You walk into a synagogue for Friday night services, and an usher hands you a prayerbook, a sheet with announcements, and says, brightly — something in Hebrew. Or… something. Then someone else says… something… to you as you take a seat. You don’t know any Hebrew. You’re paralyzed. What to do?
If you are a little intimidated by the Hebrew phrases spoken casually around Jewish communities, you are not alone. Here are some tips for coping, and some of the most common phrases you’ll encounter:
1. MOST PHRASES ARE ROUTINE. Most of the phrases like “Shabbat shalom” (see below) do not require more than a smile or a repetition back. No one is going to ask you a real question in Hebrew. Most American Jews do not speak Hebrew. (This makes rabbis sad, but it is the truth.) No one will say “The building is on fire” or “Your car has its lights on” in Hebrew, Aramaic, or Ugaritic. I promise. It’s almost certainly some variation on “Hi.”
2. PEOPLE WHO TALK TO YOU ARE POTENTIAL NEW FRIENDS. They are friendly. It’s OK to say, “What does that mean?” In fact, that gives you an opening for a real conversation, which is how you get to know people.
3. YOU GET POINTS FOR TRYING. When you begin learning greetings, you may mispronounce things, or use a phrase incorrectly. That is OK. Mistakes are how you learn. Your best bet is to develop a sense of humor about it. Two examples:
– When I first became a Jew, several people came to me and said, “Mazal tov!” (Congratulations!) I was not sure how to reply so I said, “Mazal tov!” back to them. Eventually someone explained to me that “Thank you” might be better. As far as I know, everyone thought it was, at worst, a little dumb but sweet.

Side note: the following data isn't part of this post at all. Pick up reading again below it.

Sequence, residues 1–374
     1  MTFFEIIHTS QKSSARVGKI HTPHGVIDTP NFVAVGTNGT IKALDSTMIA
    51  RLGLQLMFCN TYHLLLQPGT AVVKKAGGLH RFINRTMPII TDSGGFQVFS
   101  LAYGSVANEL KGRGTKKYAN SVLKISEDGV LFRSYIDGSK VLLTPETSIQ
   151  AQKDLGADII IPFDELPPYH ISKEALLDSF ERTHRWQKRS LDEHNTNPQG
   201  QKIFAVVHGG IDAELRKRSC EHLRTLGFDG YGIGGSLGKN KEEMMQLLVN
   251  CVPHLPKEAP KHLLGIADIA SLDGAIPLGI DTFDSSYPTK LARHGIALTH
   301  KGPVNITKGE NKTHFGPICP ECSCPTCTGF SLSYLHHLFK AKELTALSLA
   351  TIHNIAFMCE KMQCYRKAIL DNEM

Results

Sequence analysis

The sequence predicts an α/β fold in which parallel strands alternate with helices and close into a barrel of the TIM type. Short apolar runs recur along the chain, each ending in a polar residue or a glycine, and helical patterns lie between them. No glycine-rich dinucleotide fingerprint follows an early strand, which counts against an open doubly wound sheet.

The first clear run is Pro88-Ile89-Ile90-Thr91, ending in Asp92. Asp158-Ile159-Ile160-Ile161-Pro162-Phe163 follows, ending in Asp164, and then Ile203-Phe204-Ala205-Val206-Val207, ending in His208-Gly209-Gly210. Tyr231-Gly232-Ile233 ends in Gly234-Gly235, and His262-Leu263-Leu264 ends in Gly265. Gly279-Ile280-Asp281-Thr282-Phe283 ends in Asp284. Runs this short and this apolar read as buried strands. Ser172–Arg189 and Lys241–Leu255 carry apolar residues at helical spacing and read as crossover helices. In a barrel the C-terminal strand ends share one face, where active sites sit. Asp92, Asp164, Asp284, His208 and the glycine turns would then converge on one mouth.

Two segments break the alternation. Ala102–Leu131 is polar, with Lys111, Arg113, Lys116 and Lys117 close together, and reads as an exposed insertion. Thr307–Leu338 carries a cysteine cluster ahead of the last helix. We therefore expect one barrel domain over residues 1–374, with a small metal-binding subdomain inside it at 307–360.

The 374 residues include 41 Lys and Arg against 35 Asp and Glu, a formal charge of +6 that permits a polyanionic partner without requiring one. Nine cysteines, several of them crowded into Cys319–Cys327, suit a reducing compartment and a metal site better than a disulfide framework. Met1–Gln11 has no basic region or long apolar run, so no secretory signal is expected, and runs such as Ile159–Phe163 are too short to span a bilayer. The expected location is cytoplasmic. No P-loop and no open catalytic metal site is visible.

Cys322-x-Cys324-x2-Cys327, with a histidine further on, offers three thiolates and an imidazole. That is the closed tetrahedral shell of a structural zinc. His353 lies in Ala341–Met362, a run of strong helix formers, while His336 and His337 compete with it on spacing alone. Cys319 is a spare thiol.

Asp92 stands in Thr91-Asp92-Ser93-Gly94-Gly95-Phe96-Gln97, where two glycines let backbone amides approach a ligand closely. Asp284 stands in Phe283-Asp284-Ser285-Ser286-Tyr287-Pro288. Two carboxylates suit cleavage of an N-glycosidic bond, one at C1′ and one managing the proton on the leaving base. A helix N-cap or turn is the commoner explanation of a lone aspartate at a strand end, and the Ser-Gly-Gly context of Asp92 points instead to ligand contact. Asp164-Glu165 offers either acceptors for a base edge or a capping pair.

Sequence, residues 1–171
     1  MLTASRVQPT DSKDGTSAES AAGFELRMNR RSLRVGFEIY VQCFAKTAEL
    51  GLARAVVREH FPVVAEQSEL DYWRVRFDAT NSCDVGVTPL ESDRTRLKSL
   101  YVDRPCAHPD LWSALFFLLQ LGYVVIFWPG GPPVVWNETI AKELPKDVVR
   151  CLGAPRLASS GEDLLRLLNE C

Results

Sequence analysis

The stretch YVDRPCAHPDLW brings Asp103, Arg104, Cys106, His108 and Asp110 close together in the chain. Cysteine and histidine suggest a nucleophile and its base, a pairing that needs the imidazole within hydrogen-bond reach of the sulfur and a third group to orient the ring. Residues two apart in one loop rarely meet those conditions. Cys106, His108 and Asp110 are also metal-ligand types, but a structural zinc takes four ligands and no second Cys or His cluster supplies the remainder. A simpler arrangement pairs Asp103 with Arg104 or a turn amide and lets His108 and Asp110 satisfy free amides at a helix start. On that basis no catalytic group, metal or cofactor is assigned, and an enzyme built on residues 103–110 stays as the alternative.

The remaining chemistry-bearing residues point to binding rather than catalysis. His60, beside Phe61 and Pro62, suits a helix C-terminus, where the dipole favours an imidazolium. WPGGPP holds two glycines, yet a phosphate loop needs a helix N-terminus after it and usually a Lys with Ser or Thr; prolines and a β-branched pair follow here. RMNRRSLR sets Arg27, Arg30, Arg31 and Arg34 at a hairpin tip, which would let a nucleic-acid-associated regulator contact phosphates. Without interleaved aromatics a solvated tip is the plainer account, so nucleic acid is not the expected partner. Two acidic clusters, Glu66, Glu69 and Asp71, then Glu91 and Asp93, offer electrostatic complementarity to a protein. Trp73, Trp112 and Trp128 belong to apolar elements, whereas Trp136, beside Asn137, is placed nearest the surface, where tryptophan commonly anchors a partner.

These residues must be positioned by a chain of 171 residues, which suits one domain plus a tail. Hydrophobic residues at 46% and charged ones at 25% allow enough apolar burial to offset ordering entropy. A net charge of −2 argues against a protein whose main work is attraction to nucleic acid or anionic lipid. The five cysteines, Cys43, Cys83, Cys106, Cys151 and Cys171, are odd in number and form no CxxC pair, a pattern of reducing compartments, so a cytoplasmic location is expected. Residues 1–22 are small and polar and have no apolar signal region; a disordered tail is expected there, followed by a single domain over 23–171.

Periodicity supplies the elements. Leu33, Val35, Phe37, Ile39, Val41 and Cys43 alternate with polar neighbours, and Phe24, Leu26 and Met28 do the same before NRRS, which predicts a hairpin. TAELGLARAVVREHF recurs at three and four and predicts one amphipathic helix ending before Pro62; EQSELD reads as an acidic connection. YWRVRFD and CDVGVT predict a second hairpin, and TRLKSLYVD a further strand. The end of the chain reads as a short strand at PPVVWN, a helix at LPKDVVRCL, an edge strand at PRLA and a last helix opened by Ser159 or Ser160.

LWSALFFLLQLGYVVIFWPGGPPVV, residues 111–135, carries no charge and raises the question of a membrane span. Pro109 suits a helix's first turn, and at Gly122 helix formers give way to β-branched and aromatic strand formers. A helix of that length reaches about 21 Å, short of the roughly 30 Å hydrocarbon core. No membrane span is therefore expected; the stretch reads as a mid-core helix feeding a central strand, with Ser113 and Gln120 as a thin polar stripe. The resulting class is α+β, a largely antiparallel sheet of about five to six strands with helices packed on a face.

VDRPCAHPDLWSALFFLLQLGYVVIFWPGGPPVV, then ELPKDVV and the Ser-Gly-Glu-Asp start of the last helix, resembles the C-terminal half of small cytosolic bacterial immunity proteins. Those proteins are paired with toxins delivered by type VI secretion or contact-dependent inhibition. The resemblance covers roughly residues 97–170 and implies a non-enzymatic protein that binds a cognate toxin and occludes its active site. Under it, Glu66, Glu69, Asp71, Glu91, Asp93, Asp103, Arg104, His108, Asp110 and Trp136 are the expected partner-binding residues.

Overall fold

– My spouse, Linda, mis-heard “Boker Tov” (Good morning) and when she tried to say it to someone else the first time, she said, “Boca Raton!” The person she greeted did burst out laughing – she had inadvertently hit on a very entertaining pun, since lots of retired Jews live in Boca Raton, FL. But again, she got points for trying. And ever since, at home we say “Boca Raton!” because it’s fun.
4. IT IS OK TO REPLY IN ENGLISH. Below, when I write “you can reply” I mean “you can if you want, or you can reply in English.”
Here are some common phrases you may hear, with possible replies:
Shalom! means Hello! or Goodbye! and you can answer: ShaLOM!
Shabbat Shalom! means Happy Sabbath! and you can answer: ShabBAT ShaLOM!
Boker tov! means Good morning! and you can answer: BOker TOV!
Lie-lah tov! means Good night! and you can answer: LIE-lah TOV!
Toe-dah rabbah means Thank you very much! you can reply: b’VAHkaSHA
Mazal tov! means Congratulations! You can reply Toe-DAH! (Thanks!)
Some phrases are not Hebrew, but Yiddish:
Goot Shabbes! means Happy Sabbath! and you can reply Goot SHAbes!
On holidays, there are special greetings:
Shanah tovah! means Happy New Year! you can reply Sha-NAH toVAH!
Chag sameach! means Happy Holiday! you can reply Chag saMAYach!
Goot Yuntif! means Happy Holiday! you can reply Goot YUNtif!
There are more greetings connected with particular holidays, but those are the basic ones. There are words for things you may often hear, but I’ll do a separate post for them.
Remember, it’s just people being friendly: the universal reply to all of them is a smile.
4 thoughts on “Greetings in Hebrew for Beginners”
The proper response to Boker Tov (good morning) is actually Boker Or (morning light).
Could not resist adding my tiny bit of knowledge of conversation Hebrew (or better said: showing off!).
That’s what I learned in class, but every time I used it in Israel I got the feeling it was either a bit twee or something Americans do… Glad to hear that it IS the correct reply. I’ve always thought it beautiful.
When I was at university I attended services at a local synagogue and I knew very little about Judaism. I was invited to a social event after the service and it turned into a Q&A with me asking all kinds of questions and everyone was so kind answering my questions. Everyone had such a fun time.